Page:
The colour of Addis Abeba is increasingly mixed. Dressing to impress
has become the trend, while peculiarity in fashion
uplifts status. Despite the supremacy of
conservative social values, freedom and individual
expression are increasing. Diversity became the apex
Amid the changing metropolitan dynamics, however, exceptionality did
not lose its role. Instead, it is now indicative of
confidence and success.
No different is the temperament for visibility amongst international
aid agencies, claims a new study. The study aimed at
evaluating the effective implementation of the Paris
Declaration, agreed upon by the international donor
agencies in 2005, has brought the incongruence of
aid provision to light. Unlike the beauty of
diversity in Addis Abeba, variations in approaches
impose huge costs for aid recipients, the study
Three important aspects of the international aid system were evaluated;
the input-output relationship, managing for results
and harmonisation. Aid agencies and countries
including African Development Bank (AfDB),
Department for International Development (DFID),
Japan and the US were included in the review.
Individual recipient countries were also involved.
The results of the study were shocking for development experts around
the world. It revealed that the system is marred
with inefficiency, disorganisation and lack of
strategic vision. Donors are competing for
visibility and distinctness rather than
collaboration. Systemic and institutional incapacity
is rampant. No coherence exists.
Although the debate on the relevance and effectiveness of aid is
decades old, no such detailed study had been
conducted to underpin either of the propositions.
For proponents of no aid, the results are
affirmations of systemic failure. It shows that aid
does not result in economic growth. Inherent
competitiveness amongst donors restrains
cooperation, limiting the role of aid in
development. Weak and ambiguous planning disables
inter-institutional alignment, promoting dependency,
the argument goes.
On the other hand, advocates of effective aid claim that the results do
not signify the irrelevance of aid. Rather, it shows
the weak edges of global aid provision.
Institutional problems breed incompetence. It also
raises ineffectiveness. So far as the motives of aid
providers vary, they argue, such inaptness is not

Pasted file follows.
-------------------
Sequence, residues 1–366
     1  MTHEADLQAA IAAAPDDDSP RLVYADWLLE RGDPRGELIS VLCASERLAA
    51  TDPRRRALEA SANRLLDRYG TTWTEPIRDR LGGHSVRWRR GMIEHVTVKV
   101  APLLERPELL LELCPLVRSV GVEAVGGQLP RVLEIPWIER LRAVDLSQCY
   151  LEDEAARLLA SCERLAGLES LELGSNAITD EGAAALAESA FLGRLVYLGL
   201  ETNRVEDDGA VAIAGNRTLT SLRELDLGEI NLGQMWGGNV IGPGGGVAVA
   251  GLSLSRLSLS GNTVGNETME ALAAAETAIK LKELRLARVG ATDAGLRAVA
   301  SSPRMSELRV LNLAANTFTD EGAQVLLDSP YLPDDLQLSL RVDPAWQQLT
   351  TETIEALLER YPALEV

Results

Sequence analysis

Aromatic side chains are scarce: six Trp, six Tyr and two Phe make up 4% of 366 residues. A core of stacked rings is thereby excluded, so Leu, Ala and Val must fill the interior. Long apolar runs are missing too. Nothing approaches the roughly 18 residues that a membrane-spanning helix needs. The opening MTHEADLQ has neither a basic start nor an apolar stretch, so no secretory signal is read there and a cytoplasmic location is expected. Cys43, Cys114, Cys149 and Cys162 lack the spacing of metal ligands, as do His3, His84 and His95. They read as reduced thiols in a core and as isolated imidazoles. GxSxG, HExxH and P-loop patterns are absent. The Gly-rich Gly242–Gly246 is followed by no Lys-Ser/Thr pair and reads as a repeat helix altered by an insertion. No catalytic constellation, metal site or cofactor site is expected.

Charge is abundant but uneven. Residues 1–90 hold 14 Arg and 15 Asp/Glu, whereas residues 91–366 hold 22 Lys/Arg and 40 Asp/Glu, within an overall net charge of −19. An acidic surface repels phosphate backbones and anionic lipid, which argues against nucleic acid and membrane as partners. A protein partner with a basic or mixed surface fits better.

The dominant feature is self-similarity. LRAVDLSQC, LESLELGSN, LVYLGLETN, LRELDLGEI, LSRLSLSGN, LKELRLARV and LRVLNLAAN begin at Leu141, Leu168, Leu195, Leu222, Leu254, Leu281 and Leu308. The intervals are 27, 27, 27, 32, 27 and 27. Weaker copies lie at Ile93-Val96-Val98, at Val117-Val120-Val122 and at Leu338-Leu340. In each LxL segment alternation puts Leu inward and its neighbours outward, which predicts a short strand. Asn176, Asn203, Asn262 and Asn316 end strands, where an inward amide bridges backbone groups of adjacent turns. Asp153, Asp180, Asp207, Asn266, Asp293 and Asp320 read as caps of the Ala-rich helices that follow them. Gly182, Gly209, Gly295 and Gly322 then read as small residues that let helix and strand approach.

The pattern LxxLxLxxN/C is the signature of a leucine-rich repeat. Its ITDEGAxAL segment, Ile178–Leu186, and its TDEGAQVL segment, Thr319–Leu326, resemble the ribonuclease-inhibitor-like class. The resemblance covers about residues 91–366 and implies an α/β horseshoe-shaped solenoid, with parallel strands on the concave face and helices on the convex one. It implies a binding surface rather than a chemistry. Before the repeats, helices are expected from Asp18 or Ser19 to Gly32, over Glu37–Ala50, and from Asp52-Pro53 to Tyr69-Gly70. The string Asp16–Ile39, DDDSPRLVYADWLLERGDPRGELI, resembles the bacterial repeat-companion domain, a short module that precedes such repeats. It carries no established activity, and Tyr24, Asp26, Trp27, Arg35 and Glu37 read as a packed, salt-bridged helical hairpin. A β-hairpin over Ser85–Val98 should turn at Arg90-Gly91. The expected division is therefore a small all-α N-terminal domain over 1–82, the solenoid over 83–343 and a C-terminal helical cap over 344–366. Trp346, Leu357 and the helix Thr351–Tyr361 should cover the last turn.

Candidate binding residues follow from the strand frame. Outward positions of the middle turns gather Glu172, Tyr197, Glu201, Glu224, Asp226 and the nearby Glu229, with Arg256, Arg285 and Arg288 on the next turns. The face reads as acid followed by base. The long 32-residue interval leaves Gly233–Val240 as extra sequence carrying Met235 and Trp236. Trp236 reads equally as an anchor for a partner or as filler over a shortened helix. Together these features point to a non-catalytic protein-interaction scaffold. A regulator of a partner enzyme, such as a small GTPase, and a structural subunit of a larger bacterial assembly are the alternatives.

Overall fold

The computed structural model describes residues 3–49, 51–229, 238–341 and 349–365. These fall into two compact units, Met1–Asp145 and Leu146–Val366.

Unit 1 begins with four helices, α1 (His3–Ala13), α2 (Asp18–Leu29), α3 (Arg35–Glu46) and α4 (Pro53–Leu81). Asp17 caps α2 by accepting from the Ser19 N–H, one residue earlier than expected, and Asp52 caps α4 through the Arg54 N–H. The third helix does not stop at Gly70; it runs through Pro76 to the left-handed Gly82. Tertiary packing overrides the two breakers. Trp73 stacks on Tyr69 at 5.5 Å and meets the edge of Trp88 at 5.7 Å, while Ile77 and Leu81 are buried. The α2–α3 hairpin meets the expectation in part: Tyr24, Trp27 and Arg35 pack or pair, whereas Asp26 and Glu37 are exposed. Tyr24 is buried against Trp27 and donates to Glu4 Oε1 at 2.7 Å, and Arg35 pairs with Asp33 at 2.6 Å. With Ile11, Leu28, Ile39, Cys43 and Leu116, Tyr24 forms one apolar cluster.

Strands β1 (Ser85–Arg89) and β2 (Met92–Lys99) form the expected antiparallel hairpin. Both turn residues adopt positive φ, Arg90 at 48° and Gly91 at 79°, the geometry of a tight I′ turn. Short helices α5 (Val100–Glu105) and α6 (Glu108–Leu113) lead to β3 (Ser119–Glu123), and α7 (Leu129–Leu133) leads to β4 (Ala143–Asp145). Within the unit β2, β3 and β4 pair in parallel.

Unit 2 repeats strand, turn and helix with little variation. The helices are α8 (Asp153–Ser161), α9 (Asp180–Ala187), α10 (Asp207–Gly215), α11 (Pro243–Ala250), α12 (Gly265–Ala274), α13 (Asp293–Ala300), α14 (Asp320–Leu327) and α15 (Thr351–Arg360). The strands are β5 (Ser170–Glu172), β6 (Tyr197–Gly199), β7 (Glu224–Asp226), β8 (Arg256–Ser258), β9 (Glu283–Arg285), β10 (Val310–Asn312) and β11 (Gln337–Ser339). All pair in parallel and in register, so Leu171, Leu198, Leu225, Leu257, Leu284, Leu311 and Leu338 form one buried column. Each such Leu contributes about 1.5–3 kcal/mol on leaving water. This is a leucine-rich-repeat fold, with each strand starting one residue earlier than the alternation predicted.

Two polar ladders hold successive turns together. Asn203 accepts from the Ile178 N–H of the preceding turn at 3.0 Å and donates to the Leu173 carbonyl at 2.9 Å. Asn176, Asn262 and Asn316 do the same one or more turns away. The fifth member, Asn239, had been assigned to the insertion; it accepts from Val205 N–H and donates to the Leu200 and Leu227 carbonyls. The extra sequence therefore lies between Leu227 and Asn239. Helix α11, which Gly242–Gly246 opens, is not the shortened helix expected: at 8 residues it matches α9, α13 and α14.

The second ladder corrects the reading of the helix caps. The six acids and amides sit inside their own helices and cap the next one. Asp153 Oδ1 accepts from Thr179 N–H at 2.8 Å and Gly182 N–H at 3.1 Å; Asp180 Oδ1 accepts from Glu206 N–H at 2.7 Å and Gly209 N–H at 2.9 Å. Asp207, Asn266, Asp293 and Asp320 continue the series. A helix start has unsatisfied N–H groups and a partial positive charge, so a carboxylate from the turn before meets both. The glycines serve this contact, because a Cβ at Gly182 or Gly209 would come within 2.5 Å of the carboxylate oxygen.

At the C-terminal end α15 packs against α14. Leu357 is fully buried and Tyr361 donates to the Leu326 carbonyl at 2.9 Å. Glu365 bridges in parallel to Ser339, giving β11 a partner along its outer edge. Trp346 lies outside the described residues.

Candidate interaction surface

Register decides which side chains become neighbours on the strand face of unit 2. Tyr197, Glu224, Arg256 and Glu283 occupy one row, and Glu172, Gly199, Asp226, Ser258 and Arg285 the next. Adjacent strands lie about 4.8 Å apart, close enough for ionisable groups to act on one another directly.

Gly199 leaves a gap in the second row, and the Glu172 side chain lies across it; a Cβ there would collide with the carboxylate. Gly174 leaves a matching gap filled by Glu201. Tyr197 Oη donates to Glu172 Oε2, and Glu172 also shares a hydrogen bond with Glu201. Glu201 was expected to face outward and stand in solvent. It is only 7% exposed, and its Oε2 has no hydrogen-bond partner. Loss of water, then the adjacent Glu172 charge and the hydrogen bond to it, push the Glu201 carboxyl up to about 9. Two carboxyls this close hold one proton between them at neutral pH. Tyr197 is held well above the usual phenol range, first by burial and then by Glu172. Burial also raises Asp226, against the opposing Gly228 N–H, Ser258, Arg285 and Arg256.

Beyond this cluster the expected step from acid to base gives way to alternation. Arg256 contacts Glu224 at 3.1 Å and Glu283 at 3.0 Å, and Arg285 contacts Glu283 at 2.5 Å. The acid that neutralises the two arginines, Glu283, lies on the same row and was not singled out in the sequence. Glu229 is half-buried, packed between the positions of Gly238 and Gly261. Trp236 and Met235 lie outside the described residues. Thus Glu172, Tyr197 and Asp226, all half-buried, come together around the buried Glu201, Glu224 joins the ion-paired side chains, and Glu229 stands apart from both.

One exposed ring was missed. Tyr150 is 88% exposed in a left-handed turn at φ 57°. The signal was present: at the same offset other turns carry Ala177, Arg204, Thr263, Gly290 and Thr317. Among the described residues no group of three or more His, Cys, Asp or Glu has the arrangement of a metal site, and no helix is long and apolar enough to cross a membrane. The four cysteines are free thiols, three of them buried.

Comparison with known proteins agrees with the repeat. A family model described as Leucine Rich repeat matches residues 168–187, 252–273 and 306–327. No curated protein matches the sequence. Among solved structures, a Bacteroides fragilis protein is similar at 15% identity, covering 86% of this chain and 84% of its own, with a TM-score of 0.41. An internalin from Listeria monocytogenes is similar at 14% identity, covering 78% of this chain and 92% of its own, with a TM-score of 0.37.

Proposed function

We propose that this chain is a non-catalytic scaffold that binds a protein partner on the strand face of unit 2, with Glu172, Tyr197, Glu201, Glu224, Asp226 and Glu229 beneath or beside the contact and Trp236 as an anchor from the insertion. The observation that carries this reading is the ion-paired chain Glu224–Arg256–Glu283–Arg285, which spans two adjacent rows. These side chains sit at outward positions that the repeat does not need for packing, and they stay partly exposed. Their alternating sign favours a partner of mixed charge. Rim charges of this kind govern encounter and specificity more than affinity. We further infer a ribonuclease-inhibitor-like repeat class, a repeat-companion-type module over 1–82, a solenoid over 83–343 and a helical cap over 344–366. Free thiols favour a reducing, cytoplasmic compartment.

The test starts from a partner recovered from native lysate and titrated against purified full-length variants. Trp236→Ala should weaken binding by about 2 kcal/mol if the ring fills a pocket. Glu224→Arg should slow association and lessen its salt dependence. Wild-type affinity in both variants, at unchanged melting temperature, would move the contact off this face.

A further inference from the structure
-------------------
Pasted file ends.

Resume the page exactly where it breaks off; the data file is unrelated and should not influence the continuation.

surprising. It is the same song, although the
dancers might change, they argue.
In contrast to the beauty of peculiarity in Addis Abeba, the
idiosyncrasy of the aid industry hinders the
development efforts of poor countries. Yet, the
state of ineffectiveness varies amongst donors.
The Official Development Assistance (ODA) of Japan, for example, is
mentioned to have a weak or ambiguous linkage with
the bigger picture of development assistance, as
stated in the declaration. The Japanese provide
little attention for aid harmonisation and
accountability, according to the findings. Japanís
aid also lacks linkage with other policies, such as
their trade policy. Lacking strong institutional
capacity, the Japanese ODA runs after visibility
rather than impact. Thus, no strong incentive exists
Shockingly, ODA from US is found to have no organised conceptual and
organisational architecture. Fragmentation of
institutional responsibilities promoted
inconsistency. Inherent conflict exists between the
three core principles of USAID; diplomacy, defence
and development. Competition between authorities
continues to be a major snag. After all, the US is
another dancer on the floor of aid ineffectiveness,
according to the research.
Placed at the other end of the spectrum, the UKís aid is more
harmonised to global development targets than any
other bilateral aid provider. In view of
predictability and harmonisation, the UK tops the
chart. Although lagging behind in terms of
transparency, aid agencies perform better in
institutional flexibility indicators.
As Ethiopiaís economy takes off, the irony of development assistance is
vivid. Whereas the growing infrastructure base
signifies the face of effectiveness, rampant
unemployment and poverty tells the story of
inefficiency. Indisputably, the multiple donors that
support the cityís development effort would share
The new study did not include the review of Ethiopiaís aid
effectiveness. The reality on the ground, however,
shows that the situation is complicated. Although
the debate on aid prevails in the local political
discourse, it is heavily influenced by anecdotal
evidence. Even in the situation of the severe
drought crisis, the aid debate remains all about
numbers rather than effectiveness.
With the turning face of the government towards development, a change
in strategic direction of most aid agencies was
evident. Nonetheless, it did not change the
orientation of resource allocation. Most aid
agencies spend the lionís share of their budget on
foreign consultants and recurrent expenditures.
Sustainability has been pushed aside.
Harmonisation of development assistance is far off in Ethiopia. Most
donors compete for visibility rather than focus
impact. Inadequate attention is provided for
monitoring expenditures. Projects are selected on
the basis of financial viability rather than
developmental impact. The hoopla is all about
infrastructure, while soft skill development and
economic empowerment receive lip service.
Incongruity in personal outlook might be taken as fashion, as is
evident in Addis Abeba. The same level of inaptness
would, however, be taken as inefficiency in the case
of policy making. Global aid provision is one such
example, while Addis Abeba can serve as a pictogram.